Parsnip Chips Put to the Test
In February, Interlochen Community School students tried roasted parsnip chips sprinkled with garlic powder and grated Romano cheese. Fifty-four students loved the parsnips (46%), 23 liked them (17%) and 43 tried them, but decided the chips weren’t their favorite (36%). One student said, “You should take the parsnip chips and dip them in the tomato soup [from the lunch line] – it’s sooo good!” Out of the 136 Traverse Heights Elementary School students who tasted the parsnip chips in January, over 75% said they liked or loved the chips. Check out the district’s January newsletter for a recipe for baked parsnips with rosemary.
Students Taste Test Kohlrabi Roasted, Steamed and Blanched
During their January taste test, nearly 70% of Traverse Heights Elementary School students voted that they loved or liked roasted kohlrabi fries. Some of the feedback received from students was that it was “too spicy,” causing them to vote “tried it.” Thus, we would recommend cooking the kohlrabi fries with little to no pepper in the future. On February 15th, Interlochen students also had the opportunity to taste test the kohlrabi fries (sourced from Farm-to-Freezer) seasoned with salt. Sixty-five percent of the 125 students who participated said they liked or loved the kohlrabi.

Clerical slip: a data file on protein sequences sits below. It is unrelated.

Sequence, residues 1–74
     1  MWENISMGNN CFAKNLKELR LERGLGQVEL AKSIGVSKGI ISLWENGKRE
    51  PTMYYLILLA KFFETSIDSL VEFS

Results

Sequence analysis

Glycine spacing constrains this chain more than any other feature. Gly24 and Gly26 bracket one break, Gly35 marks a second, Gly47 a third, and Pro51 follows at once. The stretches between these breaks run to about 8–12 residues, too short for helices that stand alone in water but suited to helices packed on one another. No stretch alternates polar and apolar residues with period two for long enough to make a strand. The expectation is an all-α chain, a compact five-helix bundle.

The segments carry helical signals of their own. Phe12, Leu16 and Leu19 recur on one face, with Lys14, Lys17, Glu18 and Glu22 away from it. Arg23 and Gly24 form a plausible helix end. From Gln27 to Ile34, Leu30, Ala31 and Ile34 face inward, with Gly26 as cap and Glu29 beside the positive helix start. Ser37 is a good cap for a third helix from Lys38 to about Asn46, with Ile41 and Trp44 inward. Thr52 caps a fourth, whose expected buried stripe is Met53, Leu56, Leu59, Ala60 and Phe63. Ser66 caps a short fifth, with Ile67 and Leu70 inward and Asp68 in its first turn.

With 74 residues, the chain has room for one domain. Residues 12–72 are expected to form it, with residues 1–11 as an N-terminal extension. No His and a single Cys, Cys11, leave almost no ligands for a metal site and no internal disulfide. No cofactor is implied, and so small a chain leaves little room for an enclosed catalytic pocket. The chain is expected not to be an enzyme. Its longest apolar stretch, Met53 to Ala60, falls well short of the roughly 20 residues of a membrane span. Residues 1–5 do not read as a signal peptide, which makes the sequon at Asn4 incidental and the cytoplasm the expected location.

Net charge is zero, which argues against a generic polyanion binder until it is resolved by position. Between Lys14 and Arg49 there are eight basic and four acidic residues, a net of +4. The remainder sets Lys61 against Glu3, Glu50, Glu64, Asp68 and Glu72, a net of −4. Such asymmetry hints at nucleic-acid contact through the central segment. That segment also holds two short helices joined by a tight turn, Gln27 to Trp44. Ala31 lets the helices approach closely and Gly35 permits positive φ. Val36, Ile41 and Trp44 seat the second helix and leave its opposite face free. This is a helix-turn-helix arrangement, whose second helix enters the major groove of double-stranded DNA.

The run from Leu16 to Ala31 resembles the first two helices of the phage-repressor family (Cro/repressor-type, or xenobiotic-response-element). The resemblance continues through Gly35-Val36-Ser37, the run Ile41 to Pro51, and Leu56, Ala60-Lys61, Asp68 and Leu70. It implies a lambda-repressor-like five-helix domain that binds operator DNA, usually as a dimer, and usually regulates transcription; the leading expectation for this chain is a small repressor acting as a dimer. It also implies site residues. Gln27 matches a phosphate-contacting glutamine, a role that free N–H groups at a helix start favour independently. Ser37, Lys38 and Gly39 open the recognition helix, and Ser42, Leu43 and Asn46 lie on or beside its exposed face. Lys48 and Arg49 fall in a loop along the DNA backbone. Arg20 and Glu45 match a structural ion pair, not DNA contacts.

In December, Mark Coe taught 24 third graders about the vegetable kohlrabi (pictured below). Students were able to taste test both blanched and sauteed kohlrabi. Seventy-five percent of the students loved the blanched kohlrabi, 16.7% liked it and an additional 8.3% tried it! For the sauteed kohlrabi, 83.3% of students loved it, 8.3% liked it and 8.3% tried it.
The graph on the right shows a great response from Mrs. Littlefield-Dungjen’s third grade class with 91% voting that they loved or liked the kohlrabi both sautéed and blanched.
Students Taste Test Winter Squash